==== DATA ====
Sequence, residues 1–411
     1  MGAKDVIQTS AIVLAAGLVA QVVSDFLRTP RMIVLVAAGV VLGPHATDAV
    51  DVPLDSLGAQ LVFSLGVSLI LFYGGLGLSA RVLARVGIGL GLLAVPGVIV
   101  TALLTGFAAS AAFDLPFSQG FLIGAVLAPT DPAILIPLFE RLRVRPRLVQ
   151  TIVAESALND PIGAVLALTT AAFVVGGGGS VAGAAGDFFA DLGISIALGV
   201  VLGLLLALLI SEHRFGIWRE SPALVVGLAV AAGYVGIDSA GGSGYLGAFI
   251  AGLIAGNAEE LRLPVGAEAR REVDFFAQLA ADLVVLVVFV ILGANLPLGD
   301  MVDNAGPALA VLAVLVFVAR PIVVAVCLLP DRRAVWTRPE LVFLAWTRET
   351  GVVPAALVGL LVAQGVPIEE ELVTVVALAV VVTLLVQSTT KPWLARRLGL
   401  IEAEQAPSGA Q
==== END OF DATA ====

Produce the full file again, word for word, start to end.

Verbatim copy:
Sequence, residues 1–411
     1  MGAKDVIQTS AIVLAAGLVA QVVSDFLRTP RMIVLVAAGV VLGPHATDAV
    51  DVPLDSLGAQ LVFSLGVSLI LFYGGLGLSA RVLARVGIGL GLLAVPGVIV
   101  TALLTGFAAS AAFDLPFSQG FLIGAVLAPT DPAILIPLFE RLRVRPRLVQ
   151  TIVAESALND PIGAVLALTT AAFVVGGGGS VAGAAGDFFA DLGISIALGV
   201  VLGLLLALLI SEHRFGIWRE SPALVVGLAV AAGYVGIDSA GGSGYLGAFI
   251  AGLIAGNAEE LRLPVGAEAR REVDFFAQLA ADLVVLVVFV ILGANLPLGD
   301  MVDNAGPALA VLAVLVFVAR PIVVAVCLLP DRRAVWTRPE LVFLAWTRET
   351  GVVPAALVGL LVAQGVPIEE ELVTVVALAV VVTLLVQSTT KPWLARRLGL
   401  IEAEQAPSGA Q